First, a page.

Cool Girls with Tag: medicine

Dr. Karen Wilcox

Name: Dr. Karen Wilcox
Hometown: New Milford, NJ
Occupation: Department Chair at the Department of Pharmacology and Toxicology at the University of Utah, Principle Investigator of the Epilepsy Therapy Screening Program

Dr. Karen Wilcox is a professor and chair of the Department of Pharmacology and Toxicology at the University of Utah, and the director of an anticonvulsant drug development program. When she’s not combing over new data with her students and postdoctoral trainees in the lab, she’s going to meetings, and trying to answer the copious emails she receives. This brainiac neuroscientist always knew that she had wanted to be involved in science, so that sort of a schedule is a dream come true.

Dr. Karen Wilcox“When I was a small girl, I wanted to be an archeologist. And then an influential high school science teacher got me interested in marine biology. Finally, a mentor I met in college taught me about neuroscience, and I knew I had found my calling. So as far back as I can remember, I have always had a sense that I wanted to be a scientist,” she explains.

After years honing her skills and becoming an esteemed researcher, she and her husband moved to Utah to follow a great career opportunity for him.

“It was a bit unclear whether I would find an academic position here,” she recalls. “I was lucky, but had to start in what is known as a research track assistant professor position, which meant that I was not in a more secure tenure line. Eventually I was able to be switched to the tenure line and that has helped with my career tremendously.”

Now she works to hire new faculty members for her department, and makes sure those eligible candidates ensure its long-term success. Beyond the scope of academia alone, she is the Principle Investigator for the contract site of the Epilepsy Therapy Screening Program.

“Just about all anti seizure drugs have been through our program,” Dr. Wilcox says, “so we are very proud of the fact that many of the medicines that are now available to patients with epilepsy have been through our program. When we test them for activity in our experiments, we are blinded to them so we can perform the experiments in an unbiased way. So I do not know which potential medicines we are currently working on!”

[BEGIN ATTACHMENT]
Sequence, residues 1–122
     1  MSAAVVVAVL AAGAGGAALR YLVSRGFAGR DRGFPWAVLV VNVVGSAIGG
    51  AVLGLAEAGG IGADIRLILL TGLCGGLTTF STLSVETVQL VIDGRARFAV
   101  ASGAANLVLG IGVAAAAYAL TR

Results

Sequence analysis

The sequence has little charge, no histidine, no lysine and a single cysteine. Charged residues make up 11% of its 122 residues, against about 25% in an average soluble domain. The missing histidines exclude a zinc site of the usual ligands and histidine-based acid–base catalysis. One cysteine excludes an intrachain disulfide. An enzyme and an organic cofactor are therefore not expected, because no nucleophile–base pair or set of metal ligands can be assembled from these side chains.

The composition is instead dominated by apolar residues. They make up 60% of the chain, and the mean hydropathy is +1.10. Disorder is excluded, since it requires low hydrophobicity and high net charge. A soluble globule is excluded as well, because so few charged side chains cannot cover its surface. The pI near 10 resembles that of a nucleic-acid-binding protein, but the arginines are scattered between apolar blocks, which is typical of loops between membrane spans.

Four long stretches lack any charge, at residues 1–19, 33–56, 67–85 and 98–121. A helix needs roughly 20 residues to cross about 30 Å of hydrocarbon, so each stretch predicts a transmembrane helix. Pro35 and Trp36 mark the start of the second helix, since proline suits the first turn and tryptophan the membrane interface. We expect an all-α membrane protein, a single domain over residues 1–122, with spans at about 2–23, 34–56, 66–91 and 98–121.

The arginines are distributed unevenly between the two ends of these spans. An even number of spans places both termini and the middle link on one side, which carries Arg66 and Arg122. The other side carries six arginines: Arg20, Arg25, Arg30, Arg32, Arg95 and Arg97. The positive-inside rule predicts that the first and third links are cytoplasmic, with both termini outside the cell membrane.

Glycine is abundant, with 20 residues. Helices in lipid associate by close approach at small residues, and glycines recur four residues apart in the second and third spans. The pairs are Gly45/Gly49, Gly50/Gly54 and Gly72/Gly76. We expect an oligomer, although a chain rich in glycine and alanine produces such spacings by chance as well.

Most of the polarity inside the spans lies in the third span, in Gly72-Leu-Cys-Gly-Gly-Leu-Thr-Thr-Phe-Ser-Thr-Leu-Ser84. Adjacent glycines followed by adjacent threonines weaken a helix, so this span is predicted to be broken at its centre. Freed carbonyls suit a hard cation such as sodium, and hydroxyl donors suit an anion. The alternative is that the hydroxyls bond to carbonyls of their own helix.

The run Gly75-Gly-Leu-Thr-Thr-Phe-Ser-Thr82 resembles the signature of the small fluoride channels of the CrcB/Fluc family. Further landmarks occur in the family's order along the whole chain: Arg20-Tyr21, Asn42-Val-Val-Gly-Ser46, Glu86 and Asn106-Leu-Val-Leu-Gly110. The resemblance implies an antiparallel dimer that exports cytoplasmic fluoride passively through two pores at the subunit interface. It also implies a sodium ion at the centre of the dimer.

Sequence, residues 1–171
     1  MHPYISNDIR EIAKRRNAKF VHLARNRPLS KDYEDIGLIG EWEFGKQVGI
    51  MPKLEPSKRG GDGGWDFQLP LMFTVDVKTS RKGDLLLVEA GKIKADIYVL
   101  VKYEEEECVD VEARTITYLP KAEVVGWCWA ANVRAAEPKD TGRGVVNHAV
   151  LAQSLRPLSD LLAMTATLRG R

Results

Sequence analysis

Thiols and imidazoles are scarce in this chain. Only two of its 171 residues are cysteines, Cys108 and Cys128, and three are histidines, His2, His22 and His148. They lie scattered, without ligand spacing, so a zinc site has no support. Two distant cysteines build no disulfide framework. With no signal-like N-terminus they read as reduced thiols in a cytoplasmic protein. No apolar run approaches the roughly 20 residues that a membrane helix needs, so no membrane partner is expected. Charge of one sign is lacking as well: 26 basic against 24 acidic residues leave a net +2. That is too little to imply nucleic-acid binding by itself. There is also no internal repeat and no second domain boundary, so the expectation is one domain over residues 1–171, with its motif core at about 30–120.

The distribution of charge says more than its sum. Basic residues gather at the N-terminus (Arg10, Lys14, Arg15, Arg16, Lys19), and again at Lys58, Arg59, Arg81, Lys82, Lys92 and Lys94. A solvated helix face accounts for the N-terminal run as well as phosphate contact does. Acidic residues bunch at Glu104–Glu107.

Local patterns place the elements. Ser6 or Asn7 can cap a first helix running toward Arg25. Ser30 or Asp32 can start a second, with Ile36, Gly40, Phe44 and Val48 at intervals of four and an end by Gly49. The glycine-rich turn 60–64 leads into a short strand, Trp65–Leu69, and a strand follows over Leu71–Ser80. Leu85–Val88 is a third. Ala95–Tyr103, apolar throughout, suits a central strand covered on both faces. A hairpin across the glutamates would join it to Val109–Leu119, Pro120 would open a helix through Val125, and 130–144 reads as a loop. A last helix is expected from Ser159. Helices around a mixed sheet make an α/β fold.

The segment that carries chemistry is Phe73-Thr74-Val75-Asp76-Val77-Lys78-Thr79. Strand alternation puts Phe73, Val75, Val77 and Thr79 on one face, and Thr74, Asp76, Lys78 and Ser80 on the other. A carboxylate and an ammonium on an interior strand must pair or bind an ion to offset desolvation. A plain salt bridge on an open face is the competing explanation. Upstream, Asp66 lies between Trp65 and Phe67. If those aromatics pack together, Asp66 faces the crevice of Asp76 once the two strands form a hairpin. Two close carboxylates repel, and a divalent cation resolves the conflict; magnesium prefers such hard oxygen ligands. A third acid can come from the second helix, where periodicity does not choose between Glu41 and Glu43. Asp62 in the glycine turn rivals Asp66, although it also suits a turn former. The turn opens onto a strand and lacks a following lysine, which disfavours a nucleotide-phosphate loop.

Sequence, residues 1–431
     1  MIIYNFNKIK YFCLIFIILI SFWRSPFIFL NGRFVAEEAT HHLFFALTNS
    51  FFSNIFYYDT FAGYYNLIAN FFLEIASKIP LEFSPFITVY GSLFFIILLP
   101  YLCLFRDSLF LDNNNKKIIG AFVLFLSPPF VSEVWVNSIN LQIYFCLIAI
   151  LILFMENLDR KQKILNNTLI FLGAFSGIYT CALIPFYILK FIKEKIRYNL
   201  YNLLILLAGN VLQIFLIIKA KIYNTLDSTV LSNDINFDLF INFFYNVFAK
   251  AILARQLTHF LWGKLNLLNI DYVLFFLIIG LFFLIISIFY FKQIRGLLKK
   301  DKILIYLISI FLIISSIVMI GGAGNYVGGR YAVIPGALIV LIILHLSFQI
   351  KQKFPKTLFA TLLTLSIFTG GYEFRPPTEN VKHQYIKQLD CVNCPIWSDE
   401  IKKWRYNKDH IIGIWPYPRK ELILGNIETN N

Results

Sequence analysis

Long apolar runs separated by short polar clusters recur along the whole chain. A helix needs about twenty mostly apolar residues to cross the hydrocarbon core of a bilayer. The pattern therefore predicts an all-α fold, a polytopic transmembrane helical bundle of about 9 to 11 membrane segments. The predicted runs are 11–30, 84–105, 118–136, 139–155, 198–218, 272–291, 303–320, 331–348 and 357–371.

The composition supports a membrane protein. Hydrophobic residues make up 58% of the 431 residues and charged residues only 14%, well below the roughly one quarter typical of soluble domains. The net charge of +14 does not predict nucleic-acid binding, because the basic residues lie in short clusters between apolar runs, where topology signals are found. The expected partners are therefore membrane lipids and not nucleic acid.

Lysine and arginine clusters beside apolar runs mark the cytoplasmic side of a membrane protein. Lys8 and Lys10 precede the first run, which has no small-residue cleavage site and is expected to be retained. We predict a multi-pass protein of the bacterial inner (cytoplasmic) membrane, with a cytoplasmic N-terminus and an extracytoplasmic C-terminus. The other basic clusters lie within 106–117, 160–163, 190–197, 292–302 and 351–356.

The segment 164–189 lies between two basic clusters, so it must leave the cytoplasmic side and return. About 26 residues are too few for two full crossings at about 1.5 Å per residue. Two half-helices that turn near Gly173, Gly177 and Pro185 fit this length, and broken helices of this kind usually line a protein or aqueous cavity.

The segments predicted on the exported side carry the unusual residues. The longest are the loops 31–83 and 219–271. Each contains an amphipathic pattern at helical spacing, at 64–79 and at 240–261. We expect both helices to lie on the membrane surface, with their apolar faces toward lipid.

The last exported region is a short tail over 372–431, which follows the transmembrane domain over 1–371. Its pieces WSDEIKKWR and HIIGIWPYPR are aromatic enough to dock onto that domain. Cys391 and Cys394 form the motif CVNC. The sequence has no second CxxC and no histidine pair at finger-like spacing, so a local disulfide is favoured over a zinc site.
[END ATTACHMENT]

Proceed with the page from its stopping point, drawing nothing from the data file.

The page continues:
Fortunately, this contract for the program is NIH funded and has been at her university for over 40 years, though garnering funding for experiments is always a challenge. Nonetheless, Dr. Wilcox hopes that her experiments will continue to help those who suffer from epilepsy and that someday she and her team will either discover a cure or a way to prevent epilepsy in those patients at risk for developing it following a brain injury.

Beyond the lab, Dr. Wilcox explores the beautiful foothills of the Wasatch Mountains, soaking up the replenishing energy of nature with her husband and their newly adopted terrier, Milo. She also binge watches British detective shows, reads historical fiction novels, and gets her passport stamped as often as possible. “I love to travel to other countries, which my job lets me do!” she says.

For her tireless work researching, and running a department whose experiments and steadfastness help countless people suffering from epilepsy, and for enriching the lives and minds of her students and co-faculty, we think Dr. Karen Wilcox is a Cool Girl!

You can connect with Dr. Wilcox on twitter at @kswilcox
Or see more specifics on her lab and work on her faculty page on the University of Utah.

We made a $200 donation to Citizen’s United for Research in Epilepsy to support the awesome work that Dr. Wilcox and others do to help others. We encourage you to make a donation too!

Megan C. Valentine-Shafer

Name: Megan C. Valentine-Shafer
Age: 25
Location: Chicopee, MA
Occupation: Licensed Pharmacist, Recent Graduate and currently Job Hunting.

Chicopee, Massachusetts native Megan Valentine-Shafer has always been creative and compassionate. As a child, her mothers fostered her imagination. One of her moms in particular crafted and included her daughter in her creative pursuits.

“Some of my favorite gifts and experiences with her involve either something she made, or something that I helped her make, including things like a wonderfully hand-made dice bag from my table top games, and a quilt made out of my old band t-shirts,” Megan recalls.

As a student, Megan became intrigued by the idea of assisting others, especially in the medical field. But once she figured that out, she also realized her peeves.

“Part way through high school, I found that I really wanted to help people, and that I was interested in going into medicine of some kind. An issue arose, though, when I discovered just how squeamish I was,” she explains. “This lead to me realizing that most of the “well known” medical professions weren’t for me, because I couldn’t handle seeing the sight of viscera.”

But this feisty student didn’t let her dream get discarded. In her junior year, her chemistry teacher also worked as a pharmacist. “It was at that point I realized I had been overlooking a major part of medicine. It was like the angels sang out in an immaculate chorus, that “This is it! This is what I was meant to be! I can help people, and not feel sick to my stomach!”’

Recently Megan graduated school and became a licensed pharmacist, but in spite of the image of a white coat and a smile, Megan’s other identities get a chance to come out and play when she partakes in one of her favorite hobbies: cosplay!

“The summer before I started college, and I went to my first nerd convention, Connecticon. At this point in my life, I hadn’t realized cosplay was an actual thing people did, for fun, and I fell in love with it the moment I stepped through the doors.”